Local insurance experts say repeal of individual mandate likely to drive up costs

Photo: via MGN, file

Tucked inside the tax overhaul is a provision that ends the individual mandate, one of the central components of the Affordable Care Act of 2010.

To offset the cost of covering people with pre-existing conditions, Congress required most Americans to get health insurance.

To make insurance work, you need a balance of healthy people who won't use the insurance much to offset the high cost of the sicker people who will use the insurance more frequently. The more healthy people who are paying in, the cheaper the coverage will be for everyone.

To help achieve this balance, the ACA added the mandate that forced healthier people to participate, either by buying insurance or paying a tax penalty. The system never quite achieved balance. Insurers pulled out of many states, leaving some with an ever-shrinking pool of options for insurance from which to choose.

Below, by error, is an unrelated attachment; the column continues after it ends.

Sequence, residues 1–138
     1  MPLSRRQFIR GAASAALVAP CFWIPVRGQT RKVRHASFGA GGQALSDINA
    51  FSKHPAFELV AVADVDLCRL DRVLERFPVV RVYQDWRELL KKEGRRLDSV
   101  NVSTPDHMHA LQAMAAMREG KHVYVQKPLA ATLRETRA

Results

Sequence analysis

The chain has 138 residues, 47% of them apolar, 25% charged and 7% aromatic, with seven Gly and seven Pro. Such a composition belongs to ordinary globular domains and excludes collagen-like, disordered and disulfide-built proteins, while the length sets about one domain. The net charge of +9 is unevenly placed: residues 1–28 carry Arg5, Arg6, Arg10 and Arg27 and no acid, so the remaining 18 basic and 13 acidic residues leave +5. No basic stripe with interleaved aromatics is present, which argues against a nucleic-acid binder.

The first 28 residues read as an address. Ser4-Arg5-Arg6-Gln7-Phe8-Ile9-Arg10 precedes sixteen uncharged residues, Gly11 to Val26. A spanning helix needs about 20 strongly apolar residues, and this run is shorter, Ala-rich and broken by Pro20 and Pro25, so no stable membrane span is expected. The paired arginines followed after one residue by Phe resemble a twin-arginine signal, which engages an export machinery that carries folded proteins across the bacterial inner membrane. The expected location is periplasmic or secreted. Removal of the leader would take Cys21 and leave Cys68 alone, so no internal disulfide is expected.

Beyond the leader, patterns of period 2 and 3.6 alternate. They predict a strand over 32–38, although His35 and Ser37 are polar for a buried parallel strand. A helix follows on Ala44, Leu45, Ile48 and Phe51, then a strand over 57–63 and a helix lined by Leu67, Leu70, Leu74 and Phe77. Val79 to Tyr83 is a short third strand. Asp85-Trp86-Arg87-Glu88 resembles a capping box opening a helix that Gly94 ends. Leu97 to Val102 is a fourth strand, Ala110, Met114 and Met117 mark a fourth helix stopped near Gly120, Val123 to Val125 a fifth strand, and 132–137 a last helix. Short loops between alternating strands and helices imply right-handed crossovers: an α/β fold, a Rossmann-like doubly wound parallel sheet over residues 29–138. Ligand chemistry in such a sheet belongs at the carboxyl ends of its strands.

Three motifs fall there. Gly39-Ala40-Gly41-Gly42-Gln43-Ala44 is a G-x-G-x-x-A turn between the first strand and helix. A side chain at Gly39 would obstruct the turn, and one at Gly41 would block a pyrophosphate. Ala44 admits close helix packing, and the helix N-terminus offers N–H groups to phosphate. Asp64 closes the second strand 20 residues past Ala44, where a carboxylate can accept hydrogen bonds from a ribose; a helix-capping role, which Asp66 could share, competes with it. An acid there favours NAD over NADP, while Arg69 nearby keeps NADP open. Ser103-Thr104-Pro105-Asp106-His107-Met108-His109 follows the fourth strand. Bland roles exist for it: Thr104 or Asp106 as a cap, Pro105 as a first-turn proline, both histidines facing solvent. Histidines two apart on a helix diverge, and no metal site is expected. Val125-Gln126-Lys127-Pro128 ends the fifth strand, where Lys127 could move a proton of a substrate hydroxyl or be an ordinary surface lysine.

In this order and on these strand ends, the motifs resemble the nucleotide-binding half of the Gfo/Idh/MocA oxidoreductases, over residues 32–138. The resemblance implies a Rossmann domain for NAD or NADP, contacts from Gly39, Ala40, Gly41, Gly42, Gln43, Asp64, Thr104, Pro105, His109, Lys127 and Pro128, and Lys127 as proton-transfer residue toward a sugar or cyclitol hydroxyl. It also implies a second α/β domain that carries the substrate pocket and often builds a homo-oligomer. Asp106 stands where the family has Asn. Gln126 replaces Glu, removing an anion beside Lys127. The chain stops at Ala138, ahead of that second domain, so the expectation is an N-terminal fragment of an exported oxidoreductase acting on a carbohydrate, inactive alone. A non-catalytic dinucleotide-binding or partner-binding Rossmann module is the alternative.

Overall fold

Local insurance brokers Eyewitness News polled said that removing the mandate will accelerate what's commonly referred to by critics as the "death spiral," wherein the people who comprise the insurance risk pools get older and sicker, and the cost continues to rise.

As the cost rises, that only further deters younger, healthier people from buying insurance.

"It's going to cause a rise in premiums across the board," said Bill Phelps, the chief of programs for Clinica Sierra Vista. "Not just for those people purchasing their insurance on the exchange, but those who have coverage through their employer, as well."

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